Garethhgriffith‘s copper and glass Zen Garden Box doesn’t contain a speck of wood (even the rake looks like it’s made from metal) but it sure is attractive.
ArchitecturalSeveral of the boxes draw on architecture… some even looked like shrines…
Roytroutbum built an ornate jewelry box called Golden Temple Of The Ivory Moon.
AbBob built a mini Shinto temple.
The craftsmanship in Pagoda Box in a Box by oldboxmaker impressed our editors. For another box inspired by Asian architecture, scope out the Tibetan Box.
The eeeeeew factorFinally DrFilmo wins the prize for the most anatomically correct box. It’s a thoughtful Valentine’s gift for his wife, read the back-story on the entry page for more information, but it’s not often that you get to see carved internal organs in our job. The box gave one editor an idea for an upcoming Master Class article: Carving the Superior Vena Cava.
So, on that note, this will end one of the longest posts in Editors Mailbox history. Thanks to all for the creative and fine-crafted entries. It takes courage to put your work before the world to analyze and judge.
Please feel free to sound off with comments below. If we missed any of your favorites in this round-up, please give them a shout-out below.
Congratulations to Christopher Moore and his Cello Box. And for all the rest… never fear, there are more Fine Woodworking gallery challenges to come. Our “A Whole Lotta Shaker Goin’ On” challenge started earlier this week.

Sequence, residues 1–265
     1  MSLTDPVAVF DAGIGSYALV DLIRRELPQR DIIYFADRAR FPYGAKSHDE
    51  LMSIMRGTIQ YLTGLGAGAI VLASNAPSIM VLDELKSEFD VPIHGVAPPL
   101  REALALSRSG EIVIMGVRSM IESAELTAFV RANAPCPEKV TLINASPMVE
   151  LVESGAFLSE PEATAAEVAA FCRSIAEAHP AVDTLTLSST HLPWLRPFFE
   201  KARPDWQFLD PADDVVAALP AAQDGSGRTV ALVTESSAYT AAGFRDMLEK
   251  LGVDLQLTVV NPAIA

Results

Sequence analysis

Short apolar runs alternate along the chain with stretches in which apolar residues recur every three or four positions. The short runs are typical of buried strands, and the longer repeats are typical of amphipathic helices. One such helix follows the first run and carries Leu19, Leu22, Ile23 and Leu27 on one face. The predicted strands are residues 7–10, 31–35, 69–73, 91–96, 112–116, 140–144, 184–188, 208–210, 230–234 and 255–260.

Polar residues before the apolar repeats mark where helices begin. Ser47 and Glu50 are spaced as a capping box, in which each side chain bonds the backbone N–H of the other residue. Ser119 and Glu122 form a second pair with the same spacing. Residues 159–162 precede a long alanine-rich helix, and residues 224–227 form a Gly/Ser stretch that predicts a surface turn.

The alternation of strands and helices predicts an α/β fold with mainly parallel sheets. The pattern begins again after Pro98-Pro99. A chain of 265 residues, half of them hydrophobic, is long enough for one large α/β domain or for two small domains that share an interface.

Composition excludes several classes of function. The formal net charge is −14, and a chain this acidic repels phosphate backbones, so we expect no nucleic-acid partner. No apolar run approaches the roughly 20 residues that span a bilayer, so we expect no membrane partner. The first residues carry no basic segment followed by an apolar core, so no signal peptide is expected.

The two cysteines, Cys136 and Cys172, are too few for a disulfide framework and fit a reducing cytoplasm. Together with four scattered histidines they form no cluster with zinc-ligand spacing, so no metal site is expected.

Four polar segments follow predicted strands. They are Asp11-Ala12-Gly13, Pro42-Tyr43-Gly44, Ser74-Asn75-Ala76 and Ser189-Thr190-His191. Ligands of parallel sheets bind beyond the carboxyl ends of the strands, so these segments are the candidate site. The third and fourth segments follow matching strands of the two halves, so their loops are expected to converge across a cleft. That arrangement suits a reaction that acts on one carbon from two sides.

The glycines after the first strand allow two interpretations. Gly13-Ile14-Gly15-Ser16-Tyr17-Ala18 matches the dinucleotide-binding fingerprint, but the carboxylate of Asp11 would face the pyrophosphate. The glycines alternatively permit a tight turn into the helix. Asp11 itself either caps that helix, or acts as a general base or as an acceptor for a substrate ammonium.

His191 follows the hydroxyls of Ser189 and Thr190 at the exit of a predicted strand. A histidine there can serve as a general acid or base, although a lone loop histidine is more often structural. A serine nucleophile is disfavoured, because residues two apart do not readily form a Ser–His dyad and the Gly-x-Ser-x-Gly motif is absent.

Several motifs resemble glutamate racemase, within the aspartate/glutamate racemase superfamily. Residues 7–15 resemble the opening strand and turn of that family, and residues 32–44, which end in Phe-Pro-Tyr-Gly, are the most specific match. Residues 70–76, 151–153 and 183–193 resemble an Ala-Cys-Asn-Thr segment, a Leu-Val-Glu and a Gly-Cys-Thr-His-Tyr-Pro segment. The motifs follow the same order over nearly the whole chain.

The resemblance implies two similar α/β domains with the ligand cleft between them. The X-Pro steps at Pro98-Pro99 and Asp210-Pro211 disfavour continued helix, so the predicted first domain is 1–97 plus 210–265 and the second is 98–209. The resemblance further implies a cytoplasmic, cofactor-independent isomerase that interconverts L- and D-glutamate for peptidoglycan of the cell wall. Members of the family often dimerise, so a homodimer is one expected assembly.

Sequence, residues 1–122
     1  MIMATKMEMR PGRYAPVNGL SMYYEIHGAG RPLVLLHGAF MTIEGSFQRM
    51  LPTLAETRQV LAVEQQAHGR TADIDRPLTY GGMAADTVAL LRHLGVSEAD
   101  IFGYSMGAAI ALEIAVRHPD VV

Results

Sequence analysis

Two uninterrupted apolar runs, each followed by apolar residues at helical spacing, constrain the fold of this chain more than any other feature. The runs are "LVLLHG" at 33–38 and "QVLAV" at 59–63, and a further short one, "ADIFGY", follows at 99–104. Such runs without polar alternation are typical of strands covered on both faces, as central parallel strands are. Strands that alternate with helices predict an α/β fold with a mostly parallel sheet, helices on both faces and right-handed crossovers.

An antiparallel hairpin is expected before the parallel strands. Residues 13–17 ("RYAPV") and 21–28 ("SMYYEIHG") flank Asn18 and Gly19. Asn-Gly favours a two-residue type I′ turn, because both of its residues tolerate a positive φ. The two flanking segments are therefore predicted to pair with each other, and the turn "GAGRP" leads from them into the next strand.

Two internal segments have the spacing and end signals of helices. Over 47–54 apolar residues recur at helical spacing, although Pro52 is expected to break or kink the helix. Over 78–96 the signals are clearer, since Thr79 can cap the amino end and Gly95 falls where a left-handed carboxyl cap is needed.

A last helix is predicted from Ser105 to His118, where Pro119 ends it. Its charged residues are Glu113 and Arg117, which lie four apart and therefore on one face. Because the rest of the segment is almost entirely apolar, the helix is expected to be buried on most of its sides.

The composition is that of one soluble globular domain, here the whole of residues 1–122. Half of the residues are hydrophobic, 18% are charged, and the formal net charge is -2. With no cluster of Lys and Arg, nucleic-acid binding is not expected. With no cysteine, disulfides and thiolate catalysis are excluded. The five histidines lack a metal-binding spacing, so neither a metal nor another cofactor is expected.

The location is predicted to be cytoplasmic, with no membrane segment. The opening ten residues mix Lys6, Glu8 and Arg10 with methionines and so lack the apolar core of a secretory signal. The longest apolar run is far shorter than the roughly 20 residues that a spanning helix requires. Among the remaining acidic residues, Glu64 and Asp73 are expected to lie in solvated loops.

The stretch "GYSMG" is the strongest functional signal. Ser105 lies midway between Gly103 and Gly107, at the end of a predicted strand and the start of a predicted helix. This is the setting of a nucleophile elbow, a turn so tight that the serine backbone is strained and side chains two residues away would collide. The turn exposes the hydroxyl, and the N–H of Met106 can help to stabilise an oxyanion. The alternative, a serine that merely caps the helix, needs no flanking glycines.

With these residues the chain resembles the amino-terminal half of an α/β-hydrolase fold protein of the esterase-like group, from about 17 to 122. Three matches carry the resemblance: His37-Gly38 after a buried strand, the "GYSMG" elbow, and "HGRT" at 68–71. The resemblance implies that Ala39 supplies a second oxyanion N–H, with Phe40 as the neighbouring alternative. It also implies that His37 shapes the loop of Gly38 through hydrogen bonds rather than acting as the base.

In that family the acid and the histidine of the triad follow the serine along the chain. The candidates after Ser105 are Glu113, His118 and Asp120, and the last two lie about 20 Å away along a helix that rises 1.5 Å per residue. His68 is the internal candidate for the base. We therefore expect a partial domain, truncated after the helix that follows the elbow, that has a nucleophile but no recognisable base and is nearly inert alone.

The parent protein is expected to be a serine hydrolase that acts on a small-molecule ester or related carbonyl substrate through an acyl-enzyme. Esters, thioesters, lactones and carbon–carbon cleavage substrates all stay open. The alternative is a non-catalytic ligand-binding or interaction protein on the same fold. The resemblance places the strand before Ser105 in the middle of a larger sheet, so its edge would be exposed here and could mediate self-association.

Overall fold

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Absolutely beautiful cello box. I'd love to see an article on how the finishing was done.
Brilliant, I thought I had imagination and reasonable skills. I feel a little humbled, but I enjoyed looking a some great work.
OMG... I don't know what is more impressive the craftsmanship or the imagination. Great work. Thanks for sharing.
Wow. Just, wow. Incredible work, every one of you. Thanks for sharing your talent with us. :)
Congratulations! Beautiful artistry. The finish is truly awesome. I too would like to see some more pics of it!
This contest was great, I'm really enjoying the incredible boxes you all have created. They're all amazing!
KNock it off, gentlemen. I logged on to do some research, got distracted by the boxes and now I don't remember what it was I intended to research. Give a guy a break will ya!
Beautiful, artistic, original - every one.
I just want to thank everyone for the nice comments. It's truly an honor to have my box chosen out of the many creative and well-executed pieces submitted. Thanks so much.
The boxes on this page show an amazingly high level of design and craftsmanship, and boast the talent and diversity of the readership. Everyone here deserves a prize!
I would like to add that the finish is incredible. To create the aged look as well as it has been done here is nothing short of amazing.
While being a beautiful piece, it would have been nice to at least see the inside of this project. Congratulations to the winner. A fine piece of work.
Carl Swensson's woodworking skills go very, very deep. But they go wide as well.
The Shakers had this diminutive design pegged
Fast, fun approach to making a comfortable, casual seat
In this video Michael finishes the first of the three boxes. Gluing-up, planing, sanding and finishing bring a new piece of art to the world.
In this video Michael starts work on the second box, a carved and painted Saddle lid box.
Michael begins carving the saddle lid box with his ripple pattern along the top. Then turns to his 5/30 gouge to texture the sides of the box. This isn't work…